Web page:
The James Street Trail BUILD A BRIDGE Campaign

Speed River Cycling Club is partnering with the Guelph Hiking Trail Club in a fundraising campaign to BUILD A BRIDGE over the storm water crossing on the James Street Trail. SRCC members designed and engineered this bridge. Please support by contributing to the campaign. It will help make a vital accessibility improvement to this well-used, natural forest trail in Guelph. This trail is an important link for many of our members getting in and out of town on their gravel bikes or on their MTBs going out to the Arkell Spring Ground trails and back.

DONATE NOW

The James Street Trail is special! If you don’t know it, it’s a naturalized path along the south side of the Eramosa River, with a central access point one block from Gordon Street. It runs over two kilometres from there to Victoria Road on land owned by the University of Guelph. Keeping the trail accessible to a larger community is significant in preserving the land from sale to developers. It also increases access to the trails along the ridge behind the Turf Grass lands that will be developed in the foreseeable future.

But there’s a serious impediment within the first kilometer of the trail, a storm water crossing that makes it inaccessible to many people and dangerous for all users. It urgently needs a safe crossing.

The Guelph Hiking Trail Club signed a 20-year agreement with the university to manage, improve and insure the James Street Trail for all users. They have negotiated permits from the Grand River Conservation Authority. Our own SRCC members are integral to the fundraising campaign, have successfully secured grants and done the engineering and design. The bridge is a steel beam and wood deck construction with concrete abutments that will last for generations! This is a great opportunity for us to make a contribution in the heart of the city of which we can all be proud. Contribute what you can and we’ll secure a lasting legacy that’s long overdue.

We’re over half-way with the funding for the bridge — please help us get the rest of the way by April 30.

DONATE NOW

Thanks for you generous support!

In collaboration with the Guelph Hiking Trail Club

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A Special Thanks for 2020 SRCC Members

We want to take a moment to thank everyone who joined the Club for the 2020 season despite the uncertainty of the pandemic.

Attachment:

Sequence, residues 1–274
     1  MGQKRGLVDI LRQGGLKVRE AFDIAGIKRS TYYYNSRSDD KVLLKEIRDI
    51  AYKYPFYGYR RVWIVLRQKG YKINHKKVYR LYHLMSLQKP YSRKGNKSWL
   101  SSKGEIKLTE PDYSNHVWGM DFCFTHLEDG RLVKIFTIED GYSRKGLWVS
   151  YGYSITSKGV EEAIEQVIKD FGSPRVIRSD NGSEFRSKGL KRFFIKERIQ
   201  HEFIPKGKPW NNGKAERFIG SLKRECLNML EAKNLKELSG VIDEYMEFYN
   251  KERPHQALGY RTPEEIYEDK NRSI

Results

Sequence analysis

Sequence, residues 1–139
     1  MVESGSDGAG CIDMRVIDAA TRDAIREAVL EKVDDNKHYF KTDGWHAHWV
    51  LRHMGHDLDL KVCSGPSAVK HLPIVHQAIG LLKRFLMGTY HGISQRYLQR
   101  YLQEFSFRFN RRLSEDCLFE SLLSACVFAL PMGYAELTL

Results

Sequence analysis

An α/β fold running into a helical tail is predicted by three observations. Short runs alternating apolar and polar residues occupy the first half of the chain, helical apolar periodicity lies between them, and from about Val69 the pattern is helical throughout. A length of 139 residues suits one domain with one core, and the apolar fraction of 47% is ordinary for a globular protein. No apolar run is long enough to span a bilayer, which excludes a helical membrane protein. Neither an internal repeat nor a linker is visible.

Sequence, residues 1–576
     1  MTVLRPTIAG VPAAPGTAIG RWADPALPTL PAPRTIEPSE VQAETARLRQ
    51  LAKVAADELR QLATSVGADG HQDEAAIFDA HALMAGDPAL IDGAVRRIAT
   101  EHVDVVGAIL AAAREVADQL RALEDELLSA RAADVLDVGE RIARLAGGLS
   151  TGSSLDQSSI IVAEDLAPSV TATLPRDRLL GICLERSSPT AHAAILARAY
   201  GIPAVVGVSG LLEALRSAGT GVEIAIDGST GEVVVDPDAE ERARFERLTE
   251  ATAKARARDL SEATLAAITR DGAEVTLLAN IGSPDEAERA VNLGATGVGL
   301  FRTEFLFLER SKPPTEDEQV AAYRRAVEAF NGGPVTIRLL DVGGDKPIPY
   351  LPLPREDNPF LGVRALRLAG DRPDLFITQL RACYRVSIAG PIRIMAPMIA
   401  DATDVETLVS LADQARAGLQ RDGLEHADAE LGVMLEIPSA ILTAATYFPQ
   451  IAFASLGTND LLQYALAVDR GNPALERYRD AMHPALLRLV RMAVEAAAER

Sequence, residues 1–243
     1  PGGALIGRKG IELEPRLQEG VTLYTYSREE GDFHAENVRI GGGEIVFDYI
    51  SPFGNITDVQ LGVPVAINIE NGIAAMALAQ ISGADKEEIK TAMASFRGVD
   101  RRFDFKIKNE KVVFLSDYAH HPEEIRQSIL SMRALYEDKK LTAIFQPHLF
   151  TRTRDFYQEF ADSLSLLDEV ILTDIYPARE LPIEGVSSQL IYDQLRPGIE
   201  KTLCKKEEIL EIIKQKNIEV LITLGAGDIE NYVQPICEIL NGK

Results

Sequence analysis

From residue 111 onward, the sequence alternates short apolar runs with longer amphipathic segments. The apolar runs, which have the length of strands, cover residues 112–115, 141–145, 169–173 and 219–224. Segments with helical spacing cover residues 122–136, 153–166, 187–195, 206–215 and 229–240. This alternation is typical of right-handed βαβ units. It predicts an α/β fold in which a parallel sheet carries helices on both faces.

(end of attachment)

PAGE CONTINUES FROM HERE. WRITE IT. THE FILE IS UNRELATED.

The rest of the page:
Congratulations are in order for everyone. We followed the rules, we kept safe and made the best of a very different season. And a special thanks to those who chose to do their own rides and still support the club – we respect your decisions and appreciate your commitment.

Together we made the best of it.

In recognition of your support, your board of directors want to show appreciation for everyone’s commitment with a special treat. So, we designed the very first SRCC water bottle!  These high quality anti-fungal bottles were custom made for us by Specialized.  They come in two sizes: Road Bike 769 ml (26 oz) or the smaller MTB 650 ml (22 oz). We have one for every 2020 member and two for every 2020 ride leader.

If you were a paid member in 2020 you should have received a detailed email with instructions on how to safely receive your SRCC water bottle. Check your spam folder if you haven’t.

Please contact board member Meg if you have any questions.

Looking forward to seeing you all… when we can.
Your SRCC Board

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Notice of SRCC 2020 AGM

To be held Monday, December 14, 7 PM via Google Meet.

You must be a current (2020) SRCC member to attend the AGM. 

If you wish to attend, please indicate your intention by December 12 by signing up here.  A link to the meeting, the agenda, 2019 AGM minutes, and 2020 financial statement will be emailed on December 13 to everyone who signs up.

Board of Directors Election: There were no nominations received by the nomination deadline. Therefore there will not be an election during the 2020 AGM. The 2021 Board of Directors will be comprised of the existing Board members.